Treeing Walker Coonhound
Treeing Walker Coonhound is a medium size known for treeing and tracking down other animals. Strong prey drive, stamina, and brilliant nose makes them an excellent hound dog.
One of the few dogs to originate from United States of America but they would breed several dogs that were imported to get the look but more importantly the characteristics they are looking for.
Coming directly from English Foxhounds but they would break away in the 20th century to become their own breed. Most dog breeds who had this split was because influential breeders had disagreements about breed standards.
Changes to breed standard from the English Foxhound was because of making a better hunter with a greater nose, better endurance, and faster speed. No changes were for dog shows.
Tree dogs can track down an animal and when they go into a tree, they can either climb up the tree or set the animal up to be shot because they have no where to hide from the hunter.
Coonhound is a description dogs that are great racoon hunters get. Hunting abilities range from big cats, squirrels, rats, and other smaller animals.
Besides their strong prey drive you will always notice how gentle, affectionate, and family oriented they are when not in hunting mode.
Over the years large hound dogs have been bred down into smaller versions to be able to catch and flush out smaller game while keeping that hunting ability of the bigger original hounds.
In 2012, they would finally receive registration with the American Kennel Club but would have papers from the United Kennel Club since the 1940’s.
Top 130 for now in the AKC due to be a recent addition to club. Once some time passes, we will be able to assess how popular they are with accuracy. For now, it is too early to call.
Hound Dog is the category these two kennel clubs place them, and it is hard to imagine any other category. Here are the kennel clubs and their breed standards that show recognition.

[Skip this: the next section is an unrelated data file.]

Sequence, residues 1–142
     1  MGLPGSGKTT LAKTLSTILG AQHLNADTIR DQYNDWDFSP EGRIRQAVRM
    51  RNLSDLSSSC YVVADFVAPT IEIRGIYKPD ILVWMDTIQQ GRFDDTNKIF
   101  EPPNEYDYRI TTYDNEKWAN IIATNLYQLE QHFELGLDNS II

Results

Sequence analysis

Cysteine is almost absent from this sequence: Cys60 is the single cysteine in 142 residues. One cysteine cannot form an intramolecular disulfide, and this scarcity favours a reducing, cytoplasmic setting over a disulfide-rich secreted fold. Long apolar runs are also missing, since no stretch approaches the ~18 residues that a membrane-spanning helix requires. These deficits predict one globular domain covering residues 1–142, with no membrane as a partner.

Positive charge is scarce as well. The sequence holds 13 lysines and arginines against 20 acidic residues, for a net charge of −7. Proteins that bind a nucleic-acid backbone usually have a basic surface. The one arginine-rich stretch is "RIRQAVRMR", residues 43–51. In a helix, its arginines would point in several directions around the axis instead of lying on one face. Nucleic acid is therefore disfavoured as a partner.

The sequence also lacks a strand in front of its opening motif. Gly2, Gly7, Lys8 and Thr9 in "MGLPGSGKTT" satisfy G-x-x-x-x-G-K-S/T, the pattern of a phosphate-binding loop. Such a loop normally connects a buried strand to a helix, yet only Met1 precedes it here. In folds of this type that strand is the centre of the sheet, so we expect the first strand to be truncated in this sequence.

Male Height: 23-27 inches
Female Height: 20-24 inches
Male Weight: 60-70 pounds
Female Weight: 50-60 pounds
6 puppies are the average litter size for the Treeing Walker Coonhound. That’s a decent number of puppies and breeders should be aware of how many to expect. Mothers have no known problems when it comes to giving birth.
- Spots – tan, black
- White markings
$1,000-$3,000 are the average price of a Treeing Walker Coonhound. Prices vary depending on location, currency, supply, demand and other issues.
Registration for a dog will be the highest quality that matches the breed standard. Tracing the bloodline from the native and kennel club until they reach your country and local kennel club.
Dogs without papers are most likely due to crossbreeding whenever one, or both, of the parents can’t get registration on them the puppy will not be able get papers either.
Take the dog on a long walk or run before you begin a grooming session or before you take them to a professional. Getting them in the right state of mind before the session is the best way to start and continue the practice with a leash until the behavior is exactly how you want it.
- Professional Help
Brush the coat at least once per week to get the best results. Not a big shedding dog but they will benefit from getting a brush during this time to remove excess hair quicker.
Bathe the coat after a long exercise session to ensure great behavior. Hot days and some exhaustion is the perfect combination to get the dog to like the water and enjoy they bath.
Clean the ears once per week to make sure they don’t get an ear infection. Long floppy ears have a lot of moisture and when you combine that with dirt and other elements it can speed up the process.
Trim the nails which running or walking, which we recommend. If you don’t exercise, which we don’t recommend, take the dog on a long walk or run.
Professional help is not a recommendation.
12-14 years is the average lifespan for a Treeing Walker Coonhound. That’s a long time for a dog to live and owners should be aware of the time commitment. Great dog for adoption as an adult because they live a long time.
Hip Dysplasia – hips are a big issues for dogs of any size and you should get them an examination by the time they turn 24 months according to their kennel club. Although that is the standard time if you find the dog limping, skipping, or favoring a leg take them to the vet right away.